The founder of a popular Sichuan-style hotpot (steamboat) chain that originated in China and which is well-known for its dedicated customer service – is understood to have bought a Good Class Bungalow at Gallop Road.
Zhang Yong, a Singapore citizen, is paying S$27 million for the bungalow, which was rebuilt and completed in 2012. The price works out to S$1,700 psf based on the property’s freehold land area of 15,884.29 sq ft.
Currently leased till around the middle of next year at a monthly rent of slightly over S$30,000, the property is being sold by a couple who rebuilt the house that currently stands on the site. Dubbed The Winged House, it was designed by K2LD Architects in the shape of two wings. The property spans two levels and a basement, with a total of five bedrooms in addition to a pool, terrace and garden.
Located at a cul-de-sac, it is a stone’s throw from the Singapore Botanic Gardens.
Mr Zhang is the founder of the Sichuan HaiDiLao Catering Co, which he set up in 1994. It has about 130 restaurants in Beijing, Shanghai, Xi’an, Nanjing and other Chinese cities as well as three outlets in Singapore – at Clarke Quay, 313 @ Somerset and IMM Building.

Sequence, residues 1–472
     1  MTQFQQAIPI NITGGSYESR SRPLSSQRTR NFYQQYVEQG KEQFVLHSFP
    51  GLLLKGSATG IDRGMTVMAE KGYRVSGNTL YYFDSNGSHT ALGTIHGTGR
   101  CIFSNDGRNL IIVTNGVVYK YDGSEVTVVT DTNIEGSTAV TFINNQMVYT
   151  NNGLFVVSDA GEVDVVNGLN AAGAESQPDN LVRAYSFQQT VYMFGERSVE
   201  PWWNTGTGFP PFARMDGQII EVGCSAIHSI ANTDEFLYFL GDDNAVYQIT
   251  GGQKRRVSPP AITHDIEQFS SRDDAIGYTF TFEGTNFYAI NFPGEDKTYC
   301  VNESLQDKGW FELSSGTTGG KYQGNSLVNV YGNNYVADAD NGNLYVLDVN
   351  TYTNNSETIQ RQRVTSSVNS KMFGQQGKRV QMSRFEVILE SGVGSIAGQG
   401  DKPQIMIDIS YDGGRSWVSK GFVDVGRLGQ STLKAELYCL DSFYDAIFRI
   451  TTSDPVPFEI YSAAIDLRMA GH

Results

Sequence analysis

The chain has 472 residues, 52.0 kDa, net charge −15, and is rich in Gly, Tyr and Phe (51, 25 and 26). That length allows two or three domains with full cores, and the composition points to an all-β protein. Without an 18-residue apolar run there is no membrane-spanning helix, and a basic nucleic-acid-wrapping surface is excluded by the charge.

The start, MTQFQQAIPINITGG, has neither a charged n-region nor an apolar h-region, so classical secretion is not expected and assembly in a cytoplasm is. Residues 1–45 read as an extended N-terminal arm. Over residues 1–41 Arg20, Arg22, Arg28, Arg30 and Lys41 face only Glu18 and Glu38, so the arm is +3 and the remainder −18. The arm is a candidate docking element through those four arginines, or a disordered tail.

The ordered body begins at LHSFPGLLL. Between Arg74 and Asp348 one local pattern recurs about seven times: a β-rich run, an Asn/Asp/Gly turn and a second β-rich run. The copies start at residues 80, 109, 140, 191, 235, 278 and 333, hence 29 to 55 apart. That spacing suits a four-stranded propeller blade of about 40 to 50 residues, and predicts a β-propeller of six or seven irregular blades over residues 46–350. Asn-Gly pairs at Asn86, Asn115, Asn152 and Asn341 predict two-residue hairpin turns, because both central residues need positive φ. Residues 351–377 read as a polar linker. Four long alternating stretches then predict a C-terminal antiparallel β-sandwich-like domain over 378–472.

Its other overseas operations include Taiwan, South Korea, Japan and the US. The chain is famous for its emphasis on customer satisfaction. The services extended to customers include free shoe-shining and manicure while they wait for tables, and song-and-dance performances by staff. Some outlets also have a kids’ play area with cots for babies.
The waiting time at its Singapore outlets can be up to three hours; the restaurants do not accept bookings except during certain off-peak periods. Mr Zhang, who is in his mid-40s, has penned a book about the business philosophy behind HaiDiLao.
Mr Zhang’s purchase of the Gallop Road GCB here is believed to have been brokered by Newsman Realty.
Realstar Premier Group managing director William Wong described the S$1,700 psf tag for the Gallop Road bungalow as a “fair price given that the house was built three, four years ago and has a majestic design”.
An older house in the locale, if it were built about 15 years ago, would command around S$1,500-1,600 psf, he added.
Elsewhere, a GCB in Tanglin Hill also changed hands recently for S$27.5 million or S$1,551 psf on land area. This is similar to the S$1,539 psf that a nearby property fetched last September. The existing houses on both sites are pretty old and are expected to be redeveloped.
Over the past six months or so, said Mr Wong, GCB transactions have been mostly below S$25 million for a “standard-sized” GCB of about 15,000 sq ft land area.
On psf of land basis, he estimates that prices have generally softened about 15 per cent in the past two years – on the back of the property cooling measures including the additional buyer’s stamp duty and the total debt servicing ratio framework, he added.